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In May, the same week Facebook announced Shops, a way for businesses to set up online stores for customers across Facebook, WhatsApp, Messenger, and Instagram, the tech giant detailed the AI and machine learning systems behind its ecommerce experiences. Facebook said its goal is to one day develop an assistant that can serve up product recommendations on the fly, and that can learn preferences by analyzing images of what’s in a person’s wardrobe while allowing the person to try new items on self-replicas and sell apparel that others can preview.

A flurry of Facebook-authored papers accepted to the Conference on Computer Vision and Pattern Recognition (CVPR) 2020 suggest the company is on its way to developing the components of this assistant. One paper describes an algorithm that uncovers and quantifies fashion influences from images taken around the world. Another demonstrates an AI model that generates 3D models of people from single images. And a third proposes a system that captures clothing’s affinity with different body shapes.

Ecommerce businesses like Facebook Marketplace lean on AI to automate a host of behind-the-scenes tasks, from learning preferences and body types to understanding the factors that might influence purchase decisions. McKinsey estimates that Amazon, which recently deployed AI to handle incoming shopper inquiries, generates 35% of all sales from its product recommendation engine. Beyond ranking, AI from startups like ModiFace, Vue.Ai, Edited, Syte, and Adverity enable customers to try on shades of lipstick virtually, see model images in every size, and spot trends and sales over time.Discovering fashion style influences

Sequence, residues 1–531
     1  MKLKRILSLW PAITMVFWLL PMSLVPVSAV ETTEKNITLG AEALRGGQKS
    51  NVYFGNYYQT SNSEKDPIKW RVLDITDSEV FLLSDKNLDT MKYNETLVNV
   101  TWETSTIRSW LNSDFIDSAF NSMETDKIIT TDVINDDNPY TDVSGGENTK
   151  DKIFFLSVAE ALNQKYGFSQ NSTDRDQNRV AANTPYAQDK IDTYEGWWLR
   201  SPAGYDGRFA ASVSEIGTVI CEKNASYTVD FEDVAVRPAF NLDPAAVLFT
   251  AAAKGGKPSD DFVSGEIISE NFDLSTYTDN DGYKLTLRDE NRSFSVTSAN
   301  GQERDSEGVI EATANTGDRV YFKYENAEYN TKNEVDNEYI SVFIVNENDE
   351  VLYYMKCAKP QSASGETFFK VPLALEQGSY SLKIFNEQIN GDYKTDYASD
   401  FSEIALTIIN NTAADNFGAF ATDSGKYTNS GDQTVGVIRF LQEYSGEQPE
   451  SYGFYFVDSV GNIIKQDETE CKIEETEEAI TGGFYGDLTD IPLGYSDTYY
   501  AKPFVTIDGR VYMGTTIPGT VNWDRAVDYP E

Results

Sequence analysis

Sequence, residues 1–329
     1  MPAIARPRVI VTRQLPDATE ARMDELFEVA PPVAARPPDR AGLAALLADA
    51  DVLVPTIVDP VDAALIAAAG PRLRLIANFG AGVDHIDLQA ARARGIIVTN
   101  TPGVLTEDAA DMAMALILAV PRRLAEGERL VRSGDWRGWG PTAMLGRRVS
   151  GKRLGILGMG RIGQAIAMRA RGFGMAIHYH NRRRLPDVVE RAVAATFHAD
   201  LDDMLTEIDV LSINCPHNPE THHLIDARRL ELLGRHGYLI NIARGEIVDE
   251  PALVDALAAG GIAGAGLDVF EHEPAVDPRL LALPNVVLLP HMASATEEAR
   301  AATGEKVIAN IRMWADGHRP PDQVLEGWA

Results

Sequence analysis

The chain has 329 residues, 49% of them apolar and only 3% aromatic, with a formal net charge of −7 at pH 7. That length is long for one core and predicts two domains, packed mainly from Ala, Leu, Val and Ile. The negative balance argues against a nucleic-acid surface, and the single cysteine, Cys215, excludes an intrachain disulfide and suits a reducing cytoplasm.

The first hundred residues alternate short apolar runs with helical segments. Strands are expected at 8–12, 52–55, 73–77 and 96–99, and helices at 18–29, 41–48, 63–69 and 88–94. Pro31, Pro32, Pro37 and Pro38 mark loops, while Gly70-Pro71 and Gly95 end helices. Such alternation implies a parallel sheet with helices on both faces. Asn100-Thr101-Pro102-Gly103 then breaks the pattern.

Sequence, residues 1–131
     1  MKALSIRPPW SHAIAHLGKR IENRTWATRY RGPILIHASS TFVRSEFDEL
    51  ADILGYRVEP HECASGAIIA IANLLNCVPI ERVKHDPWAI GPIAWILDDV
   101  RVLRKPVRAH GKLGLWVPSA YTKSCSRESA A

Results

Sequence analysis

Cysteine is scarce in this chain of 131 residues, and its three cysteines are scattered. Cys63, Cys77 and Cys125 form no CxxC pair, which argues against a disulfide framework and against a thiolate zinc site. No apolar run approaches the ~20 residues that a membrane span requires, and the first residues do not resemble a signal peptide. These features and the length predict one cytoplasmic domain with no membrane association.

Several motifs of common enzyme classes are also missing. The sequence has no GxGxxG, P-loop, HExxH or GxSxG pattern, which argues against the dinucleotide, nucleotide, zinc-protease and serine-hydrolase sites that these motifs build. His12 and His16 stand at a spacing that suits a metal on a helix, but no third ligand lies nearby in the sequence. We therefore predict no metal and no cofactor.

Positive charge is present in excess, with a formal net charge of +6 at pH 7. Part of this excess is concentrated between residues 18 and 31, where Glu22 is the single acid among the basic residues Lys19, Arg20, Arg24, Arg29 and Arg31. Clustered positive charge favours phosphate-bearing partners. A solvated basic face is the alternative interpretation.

As an engineer at Facebook AI Research notes in one of the papers, the clothes people wear are a function of factors like comfort, taste, and occasion but also wider and subtler influences like changing social norms, art, politics, celebrities, style icons, the weather, and the “mood” of a city in which someone lives. For this reason, quantitatively pinpointing the influences in fashion remains an intractable challenge.VB Transform 2020 Online – July 15-17. Join leading AI executives: Register for the free livestream.

The Facebook researcher, then, proposes discovering influence patterns in large photo galleries and leveraging those patterns to forecast style trends. “We contend that images are exactly the right data to answer such questions,” Kristen Grauman and Ziad Al-Halah, a coauthor at the University of Texas at Austin, wrote in the paper. “Unlike vendors’ purchase data, other non-visual metadata, or hype from haute couture designers, everyday photos of what people are wearing in their daily life provide an unfiltered glimpse of current clothing styles ‘on the ground.’”

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